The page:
While companies have until June 2017 to comply, many companies are starting to incorporate GHS into their training, says Paul Williams, director of sales and marketing at Internet Based Learning Ltd. in London, Ontario. The company offers online WHMIS training for people who work with hazardous materials.

The WHMIS legislation has not been updated since 1988, Williams notes. “It is going to be a strong mandate for all employers to make sure that their employees have been given a refresher course on the new WHMIS guidelines. So there will certainly be a big rush now at the beginning.”

Open-Concept Learning

According to Sayers, one promising development is the advent of Massively Open Online Courses (MOOCs) available to anyone, anywhere — free of charge. Unlike conventional safety training, students of MOOCs are not tested on their learning and do not get certification at the end of the program.

“MOOCs are becoming so pervasive. The content breadth is so broad and there is such an incredible depth that there is almost no discipline you can think of that you can’t learn what you need to online, on your own, at your own pace,” Sayers says. “All we have to do is find a way to verify that you have mastered those skills.”

In this open-learning model, learning is mostly self-directed. Anyone, regardless of educational background or financial resources, is able to access the course. As a result, courses may have thousands of participants from around the world.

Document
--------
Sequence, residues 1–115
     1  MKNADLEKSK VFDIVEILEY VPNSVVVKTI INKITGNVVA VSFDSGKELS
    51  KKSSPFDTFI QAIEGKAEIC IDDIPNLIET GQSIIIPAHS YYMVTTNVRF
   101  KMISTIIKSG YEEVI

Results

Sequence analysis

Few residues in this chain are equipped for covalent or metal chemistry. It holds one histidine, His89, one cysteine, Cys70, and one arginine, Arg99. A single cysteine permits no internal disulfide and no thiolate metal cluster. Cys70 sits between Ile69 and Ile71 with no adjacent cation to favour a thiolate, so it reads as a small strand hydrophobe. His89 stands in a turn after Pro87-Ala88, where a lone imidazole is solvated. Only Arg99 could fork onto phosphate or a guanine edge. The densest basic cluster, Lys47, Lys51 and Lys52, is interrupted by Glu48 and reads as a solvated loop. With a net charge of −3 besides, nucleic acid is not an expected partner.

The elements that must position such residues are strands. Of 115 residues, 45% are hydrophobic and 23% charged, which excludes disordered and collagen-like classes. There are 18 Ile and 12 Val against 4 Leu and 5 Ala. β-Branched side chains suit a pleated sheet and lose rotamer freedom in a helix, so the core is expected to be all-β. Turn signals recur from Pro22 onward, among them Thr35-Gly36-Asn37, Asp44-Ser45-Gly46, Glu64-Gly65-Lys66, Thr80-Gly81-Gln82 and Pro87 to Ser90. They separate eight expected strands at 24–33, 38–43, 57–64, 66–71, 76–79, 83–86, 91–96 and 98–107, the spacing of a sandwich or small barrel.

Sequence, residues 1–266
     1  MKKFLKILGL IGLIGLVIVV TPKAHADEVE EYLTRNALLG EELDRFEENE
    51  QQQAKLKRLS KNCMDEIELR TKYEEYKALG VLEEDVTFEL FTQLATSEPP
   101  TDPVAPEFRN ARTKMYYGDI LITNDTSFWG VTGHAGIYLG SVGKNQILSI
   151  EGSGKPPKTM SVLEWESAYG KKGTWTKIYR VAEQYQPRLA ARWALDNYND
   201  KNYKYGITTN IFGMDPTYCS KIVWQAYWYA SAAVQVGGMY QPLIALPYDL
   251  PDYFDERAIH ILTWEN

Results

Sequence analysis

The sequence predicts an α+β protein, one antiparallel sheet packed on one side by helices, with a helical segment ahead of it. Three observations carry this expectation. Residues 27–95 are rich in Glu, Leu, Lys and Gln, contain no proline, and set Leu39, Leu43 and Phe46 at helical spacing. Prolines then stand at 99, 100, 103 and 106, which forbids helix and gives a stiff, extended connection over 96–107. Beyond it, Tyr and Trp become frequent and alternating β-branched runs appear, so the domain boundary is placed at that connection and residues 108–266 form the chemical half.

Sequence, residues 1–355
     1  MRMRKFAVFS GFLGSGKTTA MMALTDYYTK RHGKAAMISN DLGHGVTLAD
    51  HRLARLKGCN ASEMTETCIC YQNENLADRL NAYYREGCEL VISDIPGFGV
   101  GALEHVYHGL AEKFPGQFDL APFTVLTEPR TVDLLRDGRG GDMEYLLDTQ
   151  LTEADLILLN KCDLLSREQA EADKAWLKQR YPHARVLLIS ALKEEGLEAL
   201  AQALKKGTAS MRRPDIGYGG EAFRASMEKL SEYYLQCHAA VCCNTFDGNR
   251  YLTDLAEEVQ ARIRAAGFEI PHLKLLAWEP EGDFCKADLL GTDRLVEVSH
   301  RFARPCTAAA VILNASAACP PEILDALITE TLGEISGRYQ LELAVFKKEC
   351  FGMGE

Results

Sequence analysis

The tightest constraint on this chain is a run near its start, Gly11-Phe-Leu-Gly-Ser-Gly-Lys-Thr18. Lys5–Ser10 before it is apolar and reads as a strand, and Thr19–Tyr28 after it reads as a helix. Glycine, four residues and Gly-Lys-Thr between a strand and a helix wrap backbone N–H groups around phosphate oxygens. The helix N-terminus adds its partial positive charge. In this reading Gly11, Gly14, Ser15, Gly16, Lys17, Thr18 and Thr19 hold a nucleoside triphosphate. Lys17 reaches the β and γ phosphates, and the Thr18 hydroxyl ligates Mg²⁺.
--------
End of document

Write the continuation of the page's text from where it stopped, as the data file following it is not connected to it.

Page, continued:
Some Canadian universities already offer MOOCs. Sayers believes that academic institutions, followed by corporate training programs and professional certification organizations, will embark on this path in the near future. Companies are also using this model in corporate training by picking the courses that suit their needs, considerably lowering costs, Sayers says. A company may also create its own in-house test to ensure that employees understand the material covered.

San Francisco-based online-learning provider Udemy offers a corporate training platform called Udemy for Business, which allows companies to create their own content or subscribe to courses on private portals tailored for high-grossing firms. The website also has free MOOCs alongside other corporate training courses, with prices ranging anywhere from inexpensive up to thousands of dollars.

“We would love to work with more companies who are doing safety training,” says Shannon Hughes, senior director of marketing with Udemy.

Substance or Hype?

While cost savings is the key benefit of providing safety training through MOOCs, some industry professionals think training through MOOCs is irresponsible.